- The Fed now owns the largest insurance company in the world.  The Fed gave AIG, after the shareholders were raped, a $85 billion loan in September 08 that gave them a nearly 80% stake of AIG.  Oh, did I mention, we supplied the money. 

- The Treasury Department, for the first time in history, said it would begin selling bonds FOR THE Federal Reserve in an effort to "help" the central bank with it's borrowing needs.  Think about this for a minute...we the people are funding a private international bank without any oversight.

- The Fed has been authorized to buy up public companies - they are free to buy companies on the cheap - after they ruin them.  Oh, did I mention that we will foot the bill.

- During the last stimulus theft, the Fed has been enabled to pay interest on the reserves that banks are required to hold at the central bank.  Since the Fed's money comes from the taxpayers, we the taxpayers are paying interest on reserves held for the profit of private banks. 

- Late last year, Bloomberg filed a Freedom of Information lawsuit against the Fed in order to force the Fed to disclose almost $2 trillion dollars in debt that it secured with taxpayer money.  The Fed refuses to disclose what they are doing with our money, but yet, they are back in Washington getting a a lot more.

If anyone is sincere in trying to understand what is happening, I ask that they please investigate the Federal Reserve.  The Fed is NOT Federal - it is a private bank.  And the Fed is controlled by international criminals who would love to see the United States sink.

Please take the time (this is not directed towards Bill Sharon) to read either "The Creature from Jekyll Island" or "Secrets of the Temple: How the Federal Reserve Runs the Country" or "The Case Against the Fed."  There are also many websites that tell the truth about who and what the Fed is - only then can anyone hope to understand what's happening in America.  The books are also appropriate for citizens of most other nations too, as we are only the most recent to be taken over by the criminal central bankers.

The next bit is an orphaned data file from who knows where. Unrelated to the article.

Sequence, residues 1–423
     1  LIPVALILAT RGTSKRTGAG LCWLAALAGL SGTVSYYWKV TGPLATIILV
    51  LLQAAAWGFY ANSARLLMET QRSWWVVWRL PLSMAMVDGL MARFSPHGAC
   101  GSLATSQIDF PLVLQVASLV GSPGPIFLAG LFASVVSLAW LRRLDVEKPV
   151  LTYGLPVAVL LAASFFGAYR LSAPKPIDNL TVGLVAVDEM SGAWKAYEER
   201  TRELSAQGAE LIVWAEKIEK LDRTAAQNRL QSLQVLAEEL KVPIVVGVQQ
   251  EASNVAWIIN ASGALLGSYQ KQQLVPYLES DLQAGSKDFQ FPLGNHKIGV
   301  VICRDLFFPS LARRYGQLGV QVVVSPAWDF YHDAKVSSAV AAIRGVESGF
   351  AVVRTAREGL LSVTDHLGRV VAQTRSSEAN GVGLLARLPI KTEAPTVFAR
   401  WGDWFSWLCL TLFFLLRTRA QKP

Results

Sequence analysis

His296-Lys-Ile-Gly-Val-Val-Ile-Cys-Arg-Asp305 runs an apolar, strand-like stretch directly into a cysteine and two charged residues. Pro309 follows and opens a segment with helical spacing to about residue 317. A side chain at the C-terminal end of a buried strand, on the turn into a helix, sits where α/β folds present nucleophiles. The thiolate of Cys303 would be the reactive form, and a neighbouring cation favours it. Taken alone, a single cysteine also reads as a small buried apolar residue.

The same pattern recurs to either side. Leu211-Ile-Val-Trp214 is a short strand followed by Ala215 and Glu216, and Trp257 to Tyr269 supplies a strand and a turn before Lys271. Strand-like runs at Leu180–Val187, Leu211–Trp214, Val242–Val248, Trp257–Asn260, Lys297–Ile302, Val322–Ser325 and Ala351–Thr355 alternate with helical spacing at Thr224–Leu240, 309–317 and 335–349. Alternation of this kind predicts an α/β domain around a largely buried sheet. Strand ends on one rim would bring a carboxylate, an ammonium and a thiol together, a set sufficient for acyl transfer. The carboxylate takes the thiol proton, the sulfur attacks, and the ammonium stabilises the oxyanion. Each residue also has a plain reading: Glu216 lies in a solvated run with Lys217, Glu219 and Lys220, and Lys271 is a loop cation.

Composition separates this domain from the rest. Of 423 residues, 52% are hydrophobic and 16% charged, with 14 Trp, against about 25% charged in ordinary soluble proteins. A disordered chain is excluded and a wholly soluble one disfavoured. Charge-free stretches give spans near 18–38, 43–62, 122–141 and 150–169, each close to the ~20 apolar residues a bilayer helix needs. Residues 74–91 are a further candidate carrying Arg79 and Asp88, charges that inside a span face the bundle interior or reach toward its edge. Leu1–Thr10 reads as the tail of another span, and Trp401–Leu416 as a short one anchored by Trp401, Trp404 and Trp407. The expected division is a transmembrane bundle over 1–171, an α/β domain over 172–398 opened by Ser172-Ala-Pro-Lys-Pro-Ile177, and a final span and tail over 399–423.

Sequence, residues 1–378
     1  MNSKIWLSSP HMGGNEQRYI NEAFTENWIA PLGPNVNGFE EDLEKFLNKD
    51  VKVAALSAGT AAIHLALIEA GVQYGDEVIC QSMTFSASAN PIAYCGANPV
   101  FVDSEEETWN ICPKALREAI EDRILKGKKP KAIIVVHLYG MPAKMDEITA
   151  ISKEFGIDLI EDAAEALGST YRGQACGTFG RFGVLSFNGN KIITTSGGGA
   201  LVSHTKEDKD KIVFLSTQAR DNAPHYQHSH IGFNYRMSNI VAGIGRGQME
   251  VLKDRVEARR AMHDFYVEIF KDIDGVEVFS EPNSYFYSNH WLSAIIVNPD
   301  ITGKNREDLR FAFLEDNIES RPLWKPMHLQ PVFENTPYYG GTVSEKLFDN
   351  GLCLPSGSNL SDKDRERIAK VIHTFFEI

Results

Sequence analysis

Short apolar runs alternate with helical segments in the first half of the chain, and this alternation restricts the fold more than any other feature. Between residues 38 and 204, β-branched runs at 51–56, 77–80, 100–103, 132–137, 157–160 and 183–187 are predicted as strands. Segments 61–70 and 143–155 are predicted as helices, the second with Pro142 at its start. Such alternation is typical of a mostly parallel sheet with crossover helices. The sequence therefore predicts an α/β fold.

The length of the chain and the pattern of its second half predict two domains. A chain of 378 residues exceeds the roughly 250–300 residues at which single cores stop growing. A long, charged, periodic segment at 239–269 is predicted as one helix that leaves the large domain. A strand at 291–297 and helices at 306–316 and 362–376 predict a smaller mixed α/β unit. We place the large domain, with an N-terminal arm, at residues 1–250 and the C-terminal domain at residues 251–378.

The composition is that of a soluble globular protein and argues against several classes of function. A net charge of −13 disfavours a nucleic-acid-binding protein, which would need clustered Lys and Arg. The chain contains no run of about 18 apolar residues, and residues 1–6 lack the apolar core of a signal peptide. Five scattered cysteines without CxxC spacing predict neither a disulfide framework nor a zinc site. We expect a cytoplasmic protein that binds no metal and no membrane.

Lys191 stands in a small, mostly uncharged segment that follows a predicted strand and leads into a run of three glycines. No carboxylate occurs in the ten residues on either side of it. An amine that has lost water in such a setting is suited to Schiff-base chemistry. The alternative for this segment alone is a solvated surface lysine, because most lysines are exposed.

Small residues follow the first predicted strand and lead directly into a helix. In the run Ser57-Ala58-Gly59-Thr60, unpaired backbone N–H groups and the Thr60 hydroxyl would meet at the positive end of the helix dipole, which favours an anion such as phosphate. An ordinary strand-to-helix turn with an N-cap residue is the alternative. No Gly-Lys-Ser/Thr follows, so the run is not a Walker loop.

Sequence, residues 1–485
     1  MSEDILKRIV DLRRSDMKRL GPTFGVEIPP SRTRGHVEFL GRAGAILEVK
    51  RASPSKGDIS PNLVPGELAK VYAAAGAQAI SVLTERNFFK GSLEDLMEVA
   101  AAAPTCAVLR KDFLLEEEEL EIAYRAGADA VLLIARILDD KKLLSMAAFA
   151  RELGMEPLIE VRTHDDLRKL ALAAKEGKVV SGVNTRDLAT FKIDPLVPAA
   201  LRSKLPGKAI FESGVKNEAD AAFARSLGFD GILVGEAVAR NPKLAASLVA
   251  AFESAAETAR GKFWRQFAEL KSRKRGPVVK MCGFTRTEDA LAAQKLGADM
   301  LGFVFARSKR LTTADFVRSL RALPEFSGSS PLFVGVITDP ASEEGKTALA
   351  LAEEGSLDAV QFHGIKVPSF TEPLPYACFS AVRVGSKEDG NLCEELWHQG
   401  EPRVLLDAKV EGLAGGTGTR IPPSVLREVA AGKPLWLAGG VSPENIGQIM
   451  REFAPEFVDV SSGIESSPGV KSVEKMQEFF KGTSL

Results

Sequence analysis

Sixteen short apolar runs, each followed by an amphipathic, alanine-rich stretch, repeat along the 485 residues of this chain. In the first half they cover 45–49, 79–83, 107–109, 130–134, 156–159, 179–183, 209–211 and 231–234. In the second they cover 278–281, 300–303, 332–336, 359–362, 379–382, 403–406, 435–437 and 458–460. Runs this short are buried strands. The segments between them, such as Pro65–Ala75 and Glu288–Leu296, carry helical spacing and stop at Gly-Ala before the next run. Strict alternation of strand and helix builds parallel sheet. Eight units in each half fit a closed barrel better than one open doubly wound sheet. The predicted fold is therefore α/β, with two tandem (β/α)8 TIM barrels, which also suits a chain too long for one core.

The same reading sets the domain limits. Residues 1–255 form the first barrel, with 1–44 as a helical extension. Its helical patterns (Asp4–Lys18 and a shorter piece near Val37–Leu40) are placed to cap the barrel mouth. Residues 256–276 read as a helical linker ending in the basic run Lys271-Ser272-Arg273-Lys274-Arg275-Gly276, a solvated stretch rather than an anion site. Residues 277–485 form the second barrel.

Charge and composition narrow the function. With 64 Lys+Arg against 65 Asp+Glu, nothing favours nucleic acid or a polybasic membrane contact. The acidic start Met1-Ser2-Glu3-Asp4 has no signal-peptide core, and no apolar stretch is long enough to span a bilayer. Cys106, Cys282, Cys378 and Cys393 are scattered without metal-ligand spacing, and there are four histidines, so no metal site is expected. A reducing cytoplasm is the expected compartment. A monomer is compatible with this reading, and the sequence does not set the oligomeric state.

joe2baba's picture
joe2baba
Status: Martenson Brigade Member (Offline)
Joined: Jun 17 2008
Posts: 807
Re: Geither's Stimulus

thanks for stating the obvious bill.

seriously a very fine post.

the vast number of americans do not have a clue. by the time the masses get it it will be too late

as for the creature DKL you can order the book for $26.45 incl shipping and get a free silver dollar 

call 800-686-2237 pay it forward

bearing01's picture
bearing01
Status: Silver Member (Offline)
Joined: Sep 7 2008
Posts: 153
Re: Geither's Stimulus
DrKrbyLuv wrote:

First of all the name of this abomination is misleading, it is NOT a stimulus package, it is theft -

It's a government "spending" package. 

....taken from the productive members of society to sustain the malinvested problem areas that inevitably must be liquidated.  Rather than let the productive areas to grow, taking from it will stagnate productivity and its growth to support the enterprises that either have too much debt or are not profitable - because they're trying to sell things people don't want.

The ironic thing is that they're getting the green light for the money but don't really know how to spend it.  That's because gov't doesn't have the oversight to properly predict where to spend it.  If the gov't let the economy keep their money then the economy would be able to choose what they want or don't want.  That would truely determine what should or should not be developed and prevent distortion in the economy from government intervention.